2 New provisions (sometimes referred to as proportionality principles) providing that under certain circumstances courts shall limit the frequency and extent of discovery of electronically stored information; Cost shifting provisions under the new and existing law; New procedures for handling disputes over the production of electronically stored information subject to claims of privilege or work product protection; New safe harbor provisions; and New provisions on subpoenas for the production of electronically stored information. Many of these provisions are based directly on the federal rules on electronic discovery that became effective December 1, However, as discussed further below, these provisions have been fully integrated into the framework of California discovery law and, in certain areas, modified. The Digital Age Like the new federal rules on electronic discovery, California s new e-discovery law is a response to the global shift in information from being primarily found in the form of paper documents to being primarily stored in digital form. Today most information is created, stored, and used with computer technology, such as word processing, databases, and spreadsheets. Information may also be created, stored, and used in devices attached to or peripheral to computers, such as printers, fax machines, and pagers; in Internet applications, such as and the World Wide Web; in electronic devices, such as cell phones; and in media used to store computer data, such as disks, tapes, and CDs. The change from paper to electronically stored information has significantly affected civil discovery in many respects. The volume and number of locations of electronically stored documents are much greater than for conventional paper documents. There may be hundreds of copies or versions of a single document located in various locations in a computer network or on servers. There are also significant differences in kind between paper documents and documents in electronic form. For instance, once paper documents are destroyed, they are permanently lost; however, deleted data generally can be retrieved and so may be discoverable. The advent of electronically stored information also affects the costs of discovery. The large volume of electronically stored information sometimes can significantly increase the amount of time and the cost of searching for information. But when electronic discovery is properly managed, it also can greatly reduce the cost of discovery. (See Introduction to Conference of Chief Justices, Guidelines for State Trial Courts Regarding Discovery of Electronically Stored Information (approved Aug. 6, 2006), p. v; Judicial Council Report on Electronic Discovery (dated April 16, 2008), page 2 [Judicial Council report is available at ].) 2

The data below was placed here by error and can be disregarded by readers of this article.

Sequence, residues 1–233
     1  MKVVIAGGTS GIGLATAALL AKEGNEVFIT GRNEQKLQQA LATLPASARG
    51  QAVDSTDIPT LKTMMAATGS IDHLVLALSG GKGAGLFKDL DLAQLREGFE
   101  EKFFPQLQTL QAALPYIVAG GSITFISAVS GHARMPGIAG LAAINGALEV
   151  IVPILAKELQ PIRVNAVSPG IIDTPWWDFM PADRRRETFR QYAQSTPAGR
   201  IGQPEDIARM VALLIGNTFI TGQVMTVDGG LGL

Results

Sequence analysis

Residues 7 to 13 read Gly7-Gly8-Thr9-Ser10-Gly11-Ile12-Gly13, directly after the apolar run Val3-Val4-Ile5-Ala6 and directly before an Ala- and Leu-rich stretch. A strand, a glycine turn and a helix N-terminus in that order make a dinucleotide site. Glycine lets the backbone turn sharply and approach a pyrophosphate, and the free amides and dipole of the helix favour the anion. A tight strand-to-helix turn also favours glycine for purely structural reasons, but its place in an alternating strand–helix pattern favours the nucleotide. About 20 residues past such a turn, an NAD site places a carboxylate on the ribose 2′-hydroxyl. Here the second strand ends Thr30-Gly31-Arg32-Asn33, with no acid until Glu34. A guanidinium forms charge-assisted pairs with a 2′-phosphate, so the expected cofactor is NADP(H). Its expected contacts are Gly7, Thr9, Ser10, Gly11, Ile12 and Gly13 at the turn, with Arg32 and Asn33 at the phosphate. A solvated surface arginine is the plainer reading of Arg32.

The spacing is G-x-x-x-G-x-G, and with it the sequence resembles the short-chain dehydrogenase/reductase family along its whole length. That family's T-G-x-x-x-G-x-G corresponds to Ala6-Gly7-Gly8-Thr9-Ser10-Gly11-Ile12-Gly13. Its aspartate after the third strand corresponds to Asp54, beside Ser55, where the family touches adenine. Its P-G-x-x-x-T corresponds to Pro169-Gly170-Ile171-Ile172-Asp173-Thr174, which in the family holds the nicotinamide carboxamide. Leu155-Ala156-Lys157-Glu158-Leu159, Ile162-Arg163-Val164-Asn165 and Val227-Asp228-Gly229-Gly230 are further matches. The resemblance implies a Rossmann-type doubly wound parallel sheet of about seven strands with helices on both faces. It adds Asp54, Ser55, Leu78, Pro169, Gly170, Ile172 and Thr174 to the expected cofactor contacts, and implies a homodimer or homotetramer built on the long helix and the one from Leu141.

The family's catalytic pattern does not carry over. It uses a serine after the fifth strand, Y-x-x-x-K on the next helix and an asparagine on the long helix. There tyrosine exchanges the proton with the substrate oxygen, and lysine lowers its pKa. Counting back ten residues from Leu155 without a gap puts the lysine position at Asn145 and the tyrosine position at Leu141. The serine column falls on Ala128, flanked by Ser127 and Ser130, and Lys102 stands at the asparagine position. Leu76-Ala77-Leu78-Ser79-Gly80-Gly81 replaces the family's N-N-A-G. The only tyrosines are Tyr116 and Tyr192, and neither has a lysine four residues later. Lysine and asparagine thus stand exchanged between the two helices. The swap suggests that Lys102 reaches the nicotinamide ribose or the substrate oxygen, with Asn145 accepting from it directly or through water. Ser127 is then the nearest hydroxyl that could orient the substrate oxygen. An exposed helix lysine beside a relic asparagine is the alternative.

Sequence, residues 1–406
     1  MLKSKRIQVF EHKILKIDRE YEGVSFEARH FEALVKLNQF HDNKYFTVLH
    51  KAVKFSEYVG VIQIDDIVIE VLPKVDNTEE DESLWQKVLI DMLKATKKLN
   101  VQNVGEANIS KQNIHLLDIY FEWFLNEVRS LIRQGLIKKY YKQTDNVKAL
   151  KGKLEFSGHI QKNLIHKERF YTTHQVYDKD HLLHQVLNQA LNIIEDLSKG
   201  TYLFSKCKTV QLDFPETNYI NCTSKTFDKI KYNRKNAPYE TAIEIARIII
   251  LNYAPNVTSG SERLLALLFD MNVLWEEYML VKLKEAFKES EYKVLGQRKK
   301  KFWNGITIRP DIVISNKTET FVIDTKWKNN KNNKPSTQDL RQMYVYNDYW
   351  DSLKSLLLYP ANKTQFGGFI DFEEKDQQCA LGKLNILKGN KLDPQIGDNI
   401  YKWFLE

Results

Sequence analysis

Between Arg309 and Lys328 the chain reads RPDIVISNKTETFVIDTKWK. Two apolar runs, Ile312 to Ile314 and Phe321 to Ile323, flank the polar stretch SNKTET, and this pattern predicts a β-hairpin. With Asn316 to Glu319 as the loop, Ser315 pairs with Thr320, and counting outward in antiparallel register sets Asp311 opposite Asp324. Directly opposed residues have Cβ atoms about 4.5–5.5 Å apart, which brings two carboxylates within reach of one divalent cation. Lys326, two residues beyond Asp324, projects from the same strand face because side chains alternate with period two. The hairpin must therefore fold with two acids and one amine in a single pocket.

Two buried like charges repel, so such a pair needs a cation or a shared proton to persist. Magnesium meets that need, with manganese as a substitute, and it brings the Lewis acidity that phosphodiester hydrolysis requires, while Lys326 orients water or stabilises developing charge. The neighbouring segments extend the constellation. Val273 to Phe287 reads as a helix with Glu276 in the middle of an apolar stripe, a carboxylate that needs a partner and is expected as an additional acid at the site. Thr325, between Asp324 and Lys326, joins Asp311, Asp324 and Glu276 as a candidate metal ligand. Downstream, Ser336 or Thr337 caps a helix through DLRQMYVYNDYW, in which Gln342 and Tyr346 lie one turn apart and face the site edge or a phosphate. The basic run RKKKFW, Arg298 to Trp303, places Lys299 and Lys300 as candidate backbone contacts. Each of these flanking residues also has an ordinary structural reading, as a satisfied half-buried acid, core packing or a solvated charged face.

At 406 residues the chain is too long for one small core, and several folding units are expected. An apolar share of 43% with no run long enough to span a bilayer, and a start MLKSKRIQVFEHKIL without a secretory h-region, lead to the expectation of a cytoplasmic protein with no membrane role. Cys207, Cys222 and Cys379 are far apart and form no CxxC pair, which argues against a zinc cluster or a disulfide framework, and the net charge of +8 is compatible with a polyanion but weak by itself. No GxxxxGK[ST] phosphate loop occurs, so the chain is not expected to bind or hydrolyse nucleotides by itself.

3 E-Discovery Legislation: The New Provisions The Electronic Discovery Act amends 19 sections of the Civil Discovery Act, including the definition section and 18 sections relating to inspection demands and responses. The act also adds two new sections that provide a procedure for handling the disclosure of documents subject to claims of privilege or work product protection and provisions on subpoenas for electronically stored information. Although the legislation in many respects resembles the federal rules on electronic discovery, the new California e-discovery provisions on electronic discovery are fully integrated into the state s Civil Discovery Act. For California practitioners, the new provisions should fit comfortably into the civil discovery framework with which they are already familiar. Thus, the timeframes that are used for civil discovery will also apply to electronic discovery. The same meet-and-confer requirements and motion procedures that apply to civil discovery generally will apply to the discovery of electronically stored information. But some of the terms and provisions in the law, which are designed to deal expressly with electronically stored information rather than paper documents, are new. New Definitions The Electronic Discovery Act adds new definitions of electronic and electronically stored information (Code Civ. Proc., ). Specifically, electronic means relating to technology having electrical, digital, wireless, optical, electromagnetic, or similar capabilities. Electronically stored information is defined as information that is stored in an electronic medium. The definition of the electronically stored information is intended to be expansive and encompass any type of information that is stored electronically. As a result, this definition specifically authorizes the discovery of non-traditional writings, documents, and papers. (Senate Analysis of AB 5.) Scope and Methods of Discovery The Electronic Discovery Act expressly authorizes the discovery of electronically stored information (Code Civ. Proc., (e)). Based on the broad definitions described above, this means that all types of electronically stored information are generally discoverable. Also, the act provides that parties may undertake discovery not only by inspecting, but also by copying, testing, or sampling electronically stored information. (Code Civ. Proc., et seq.) The addition of copying, testing, or sampling broadens the methods of discovery to be consistent with the Federal Rules. But, as the California legislative history notes, the new language on copying, testing, or sampling is not intended to create a routine right of access to a party s electronic information system, although such access might be justified in some circumstances. The Senate Analysis of AB 5, drawing on the Advisory Committee Note to Federal Rule 34(a), states that courts 3